19 May 2010

Nick Clegg pledges biggest political reforms since 1832

Deputy Prime Minister Nick Clegg is to pledge the "biggest shake-up of our democracy" in 178 years as he expands on plans for political reform.

The Tory-Lib Dem coalition backs plans for fixed-term parliaments, more elected peers and a referendum on changing the voting system.

Mr Clegg will pledge to restore faith in politics in a speech on Wednesday.

The Lib Dem leader is also expected to call on the public to nominate laws they think should be repealed.

But in an interview with the Times newspaper, Mr Clegg defended the Human Rights Act - which the Conservatives have previously pledged to replace - saying "any government would tamper with it at its peril".

DNA storage

The government has said a commission will be formed to review the act, having previously promised to replace it with a "British Bill of Rights".

The workings of the act have again been called into question after two terrorist suspects successfully appealed against being deported to Pakistan, after arguing they faced torture or death in their home country.

Mr Clegg, who was made deputy PM in the coalition government and is overseeing political reform plans, will give a speech from 1100 BST.
According to pre-released extracts, he will say the government aims to "transform our politics so the state has far less control over you, and you have far more control over the state".

This would include scrapping the ID card scheme and accompanying National Identity Register, all future biometric passports and the children's Contact Point Database and ensuring CCTV was "properly regulated" and restricting the storage of innocent people's DNA.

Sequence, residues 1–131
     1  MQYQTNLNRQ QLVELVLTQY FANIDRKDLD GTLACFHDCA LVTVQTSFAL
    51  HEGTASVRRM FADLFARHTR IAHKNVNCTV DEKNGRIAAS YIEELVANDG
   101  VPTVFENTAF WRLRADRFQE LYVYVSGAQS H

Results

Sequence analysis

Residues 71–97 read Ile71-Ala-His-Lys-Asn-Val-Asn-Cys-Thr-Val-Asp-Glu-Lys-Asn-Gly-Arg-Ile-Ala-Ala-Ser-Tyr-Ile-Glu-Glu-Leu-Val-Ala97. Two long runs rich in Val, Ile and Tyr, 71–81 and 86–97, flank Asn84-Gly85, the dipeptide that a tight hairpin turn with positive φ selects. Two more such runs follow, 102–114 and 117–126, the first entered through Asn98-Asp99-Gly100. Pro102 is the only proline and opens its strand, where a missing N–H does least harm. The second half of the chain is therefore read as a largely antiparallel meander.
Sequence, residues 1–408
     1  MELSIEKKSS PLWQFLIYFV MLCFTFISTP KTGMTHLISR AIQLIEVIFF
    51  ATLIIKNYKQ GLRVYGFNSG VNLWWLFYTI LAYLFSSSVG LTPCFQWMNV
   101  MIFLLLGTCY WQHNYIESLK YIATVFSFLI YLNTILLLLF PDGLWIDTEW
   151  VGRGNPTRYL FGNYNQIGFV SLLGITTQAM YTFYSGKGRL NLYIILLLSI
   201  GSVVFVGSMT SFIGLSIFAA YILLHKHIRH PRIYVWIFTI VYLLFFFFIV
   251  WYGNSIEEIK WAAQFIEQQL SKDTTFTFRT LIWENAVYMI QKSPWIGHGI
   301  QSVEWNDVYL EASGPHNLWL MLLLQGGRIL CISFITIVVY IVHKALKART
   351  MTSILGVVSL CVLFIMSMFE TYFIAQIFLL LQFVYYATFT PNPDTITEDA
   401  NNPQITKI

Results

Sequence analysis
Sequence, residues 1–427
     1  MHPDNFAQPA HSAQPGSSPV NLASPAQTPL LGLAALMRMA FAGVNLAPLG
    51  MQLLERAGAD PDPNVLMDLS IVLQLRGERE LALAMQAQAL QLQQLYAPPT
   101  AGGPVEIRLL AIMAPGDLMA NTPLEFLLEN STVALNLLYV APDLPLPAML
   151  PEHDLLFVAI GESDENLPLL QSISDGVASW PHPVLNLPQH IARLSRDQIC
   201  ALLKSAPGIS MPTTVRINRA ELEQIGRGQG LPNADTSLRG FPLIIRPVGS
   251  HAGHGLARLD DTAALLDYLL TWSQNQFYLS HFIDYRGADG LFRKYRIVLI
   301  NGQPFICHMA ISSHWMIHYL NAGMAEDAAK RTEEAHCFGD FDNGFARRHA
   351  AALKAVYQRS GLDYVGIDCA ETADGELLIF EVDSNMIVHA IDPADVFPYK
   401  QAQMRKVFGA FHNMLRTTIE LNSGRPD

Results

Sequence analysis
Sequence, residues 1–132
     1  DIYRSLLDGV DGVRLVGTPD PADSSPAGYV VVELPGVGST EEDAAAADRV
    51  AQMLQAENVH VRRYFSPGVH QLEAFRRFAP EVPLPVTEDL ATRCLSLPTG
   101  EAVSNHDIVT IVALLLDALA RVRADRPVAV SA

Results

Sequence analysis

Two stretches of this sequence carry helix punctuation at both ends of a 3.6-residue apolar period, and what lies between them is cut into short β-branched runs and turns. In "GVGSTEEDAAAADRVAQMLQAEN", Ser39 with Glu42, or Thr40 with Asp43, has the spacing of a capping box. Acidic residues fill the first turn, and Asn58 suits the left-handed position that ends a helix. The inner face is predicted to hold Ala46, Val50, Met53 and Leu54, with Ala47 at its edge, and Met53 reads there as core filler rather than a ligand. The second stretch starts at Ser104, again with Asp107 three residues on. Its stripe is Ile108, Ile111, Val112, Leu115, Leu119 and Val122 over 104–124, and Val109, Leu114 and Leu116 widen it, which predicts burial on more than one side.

Mr Clegg will say: "I'm talking about the most significant programme of empowerment by a British government since the great enfranchisement of the 19th Century.

"The biggest shake up of our democracy since 1832, when the Great Reform Act redrew the boundaries of British democracy, for the first time extending the franchise beyond the landed classes."

[1832 REFORM ACT: Widened franchise to include one in seven adult males; abolished many "rotten boroughs", with some large towns getting MPs for the first time; But only men with properties with rental value of more than £10 a year could vote, disappointing many reformers and leading to the Chartist movement, calling for universal manhood suffrage]
He added: "Incremental change will not do. It is time for a wholesale, big bang approach to political reform."

He will also accuse the previous government of "obsessive lawmaking" and pledge to "get rid of the unnecessary laws" and "introduce a mechanism to block pointless new criminal offences".

He will also pledge to ask the public "which laws you think should go" as they "tear through the statute book".

Mr Clegg will add: "This government is going to persuade you to put your faith in politics once again."

In the House of Commons, the newly elected MPs will begin the swearing-in process which is expected to last into Thursday. The most senior MP goes first - MPs can take a religious oath or a secular affirmation of loyalty to the Crown.

They returned to the Commons briefly on Tuesday to elect the Speaker - John Bercow was reappointed to the role without a vote, despite a handful of objections.

The serious business of the Parliament gets under way next week, with the Queen's Speech - outlining the coalition's legislative agenda for the year - taking place on Tuesday.

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